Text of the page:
This page documents some ideas and information for a GPIB-USBTMC hardware interface.
NOTE: This project is on hold currently, nobody is working on it.
There are many ways to communicate with devices that have a GPIB port, and sigrok aims to support as many of them as possible (see IEEE-488). However in this day and age the only reasonable interface for this would have to use a USB device port, since USB host ports are so ubiquitous. The USB standards include a device class specifically made for test and measurement, called the USBTMC class.
Yet most of the GPIB-USB interfaces available don't use this device class; they typically use either a proprietary protocol or serial emulation. There is only one GPIB-USBTMC interface that we know of: the TEK-USB-444 from Tektronix, and it's ridiculously overpriced at around $740.
We think we can make a GPIB-USBTMC interface that is:
- 100% free and open source, hardware and firmware/software
- 100% standards-compliant
- Considerably cheaper than anything else out there (less than $50)
In addition, since we'd be making essentially a "server-side" i.e. USB device-side implementation of the USBTMC protocol, this code would be reusable in projects such as Das Oszi.
- Using an ARM Cortex-M3 microcontroller would get us:
- Built-in USB
- Plenty of horsepower to handle the throughput a GPIB device will reasonably need
- Many different implementations to choose from, and many inexpensive development boards
- Can start with an existing development board + GPIB connector
- Voltage levels on GPIB pins is "negative logic with standard TTL levels": true <= 0.8V, false >= 2.0V. (to be verified)
Due to the long history of the IEEE-488 and SCPI standards, there are many devices out there supporting some earlier version of the protocol, and these will typically support commands that are vendor-specific, and syntax that is not compliant IEEE-488. Therefore supporting various device-specific or vendor-specific "quirks" will likely be a big part of real-world use-cases.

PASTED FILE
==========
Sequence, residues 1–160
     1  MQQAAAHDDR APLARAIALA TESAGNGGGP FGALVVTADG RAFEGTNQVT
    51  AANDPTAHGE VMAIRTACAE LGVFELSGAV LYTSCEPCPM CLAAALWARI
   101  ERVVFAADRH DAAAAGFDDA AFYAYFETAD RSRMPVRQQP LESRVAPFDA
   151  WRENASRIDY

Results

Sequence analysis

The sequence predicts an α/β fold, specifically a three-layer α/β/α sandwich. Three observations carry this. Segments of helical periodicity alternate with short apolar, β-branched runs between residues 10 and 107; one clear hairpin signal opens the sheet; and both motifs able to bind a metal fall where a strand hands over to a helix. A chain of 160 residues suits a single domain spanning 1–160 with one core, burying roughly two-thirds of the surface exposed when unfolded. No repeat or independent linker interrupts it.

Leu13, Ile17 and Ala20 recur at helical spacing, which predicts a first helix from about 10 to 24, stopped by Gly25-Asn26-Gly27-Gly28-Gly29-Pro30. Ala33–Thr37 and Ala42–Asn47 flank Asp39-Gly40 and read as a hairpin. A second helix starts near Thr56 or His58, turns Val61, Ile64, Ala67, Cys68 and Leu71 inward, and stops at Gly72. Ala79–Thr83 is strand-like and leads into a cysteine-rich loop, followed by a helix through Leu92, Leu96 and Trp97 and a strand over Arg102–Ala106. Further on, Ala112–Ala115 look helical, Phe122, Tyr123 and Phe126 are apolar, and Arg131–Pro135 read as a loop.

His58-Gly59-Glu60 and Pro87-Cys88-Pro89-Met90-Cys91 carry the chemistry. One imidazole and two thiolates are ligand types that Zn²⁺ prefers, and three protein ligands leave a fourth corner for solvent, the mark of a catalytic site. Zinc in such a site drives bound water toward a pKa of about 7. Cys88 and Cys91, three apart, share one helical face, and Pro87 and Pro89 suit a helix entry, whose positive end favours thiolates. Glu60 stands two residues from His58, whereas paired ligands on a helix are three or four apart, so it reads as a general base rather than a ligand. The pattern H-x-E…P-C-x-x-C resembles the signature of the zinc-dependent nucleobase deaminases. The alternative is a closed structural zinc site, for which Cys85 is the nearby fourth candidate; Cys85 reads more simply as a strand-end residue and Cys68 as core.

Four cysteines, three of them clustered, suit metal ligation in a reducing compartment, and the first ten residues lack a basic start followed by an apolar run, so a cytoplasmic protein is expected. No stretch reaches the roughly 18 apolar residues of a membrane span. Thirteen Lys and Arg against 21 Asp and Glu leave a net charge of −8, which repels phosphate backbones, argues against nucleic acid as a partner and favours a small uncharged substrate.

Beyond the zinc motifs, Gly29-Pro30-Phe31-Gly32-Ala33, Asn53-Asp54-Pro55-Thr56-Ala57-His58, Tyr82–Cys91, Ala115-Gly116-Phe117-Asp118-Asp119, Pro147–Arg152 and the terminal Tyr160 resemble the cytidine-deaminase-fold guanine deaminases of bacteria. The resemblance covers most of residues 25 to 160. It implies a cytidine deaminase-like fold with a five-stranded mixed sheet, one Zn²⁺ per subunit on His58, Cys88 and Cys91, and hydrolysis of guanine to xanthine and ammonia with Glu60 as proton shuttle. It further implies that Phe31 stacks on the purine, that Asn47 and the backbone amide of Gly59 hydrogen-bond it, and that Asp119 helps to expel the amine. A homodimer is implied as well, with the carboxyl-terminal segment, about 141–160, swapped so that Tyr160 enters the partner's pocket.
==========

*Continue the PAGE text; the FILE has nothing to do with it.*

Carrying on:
- Right-angle, PCB mounted, male:
- Straight (no right-angle), PCB mounted, male:
- Straight (no right-angle), solder-cup, male:
- Straight (no right-angle), solder, male:
- Straight (no right-angle), solder-cup/cable, male:
- Straight (no right-angle), ribbon cable, male:
- MULTICOMP 5F30240P-10NN-XX: Farnell (2.31€)
GPIB protocol chips
- Philips/NXP HEF4738
- Fairchild 96LS488
- NEC uPD7210C/D
- National Instruments NAT7210: "Drop-In Replacement Chip for NEC µPD7210 Controller" (datasheet)
- National Instruments NAT9914: "Drop-In Replacement Chips for TI TMS9914A Controllers" (datasheet)
- National Instruments TNT4882: "High-Performance, Lower-Cost Single-Chip GPIB Talker/Listener ASIC" (datasheet)
- National Instruments TNT5002: "Single-Chip PCI-to-GPIB Talker/Listener ASIC" (datasheet)
(pretty much all of them are no longer available, or horribly expensive, or hard to get, or a combination thereof)
GPIB transceiver chips
- National DS75160A/61A/62A
- SN75160B: Octal General-Purpose Interface Bus Transceiver (datasheet). Mouser: 1.55€, Digikey (2.33€)
- SN75161B: Octal General-Purpose Interface Bus Transceiver (datasheet). Mouser: 1.45€, Digikey (2.74€)
- SN75162B: Octal General-Purpose Interface Bus Transceiver (datasheet). Mouser: 2.03€, Digikey (2.33€)
Bill of materials
(work in progress)
- Massimiliano Gentile's thesis on writing a USBTMC driver for the AVR32 architecture.
- Hack a Day: GPIB connectivity twofer (covers Galvant GPIBUSB and Sven Pauli's RS232-GPIB interface)
- GPIB connector pinout
Please edit this section with your name and (public) contact details if you are interested in developing this.
- User:Ivan747 (same nick on IRC), experience in hardware, low level firmware (but not USB). Willing to participate with the support from someone experienced in USB protocols on any kind of ARM device. Contact: ivan747[at]users.sourceforge.net.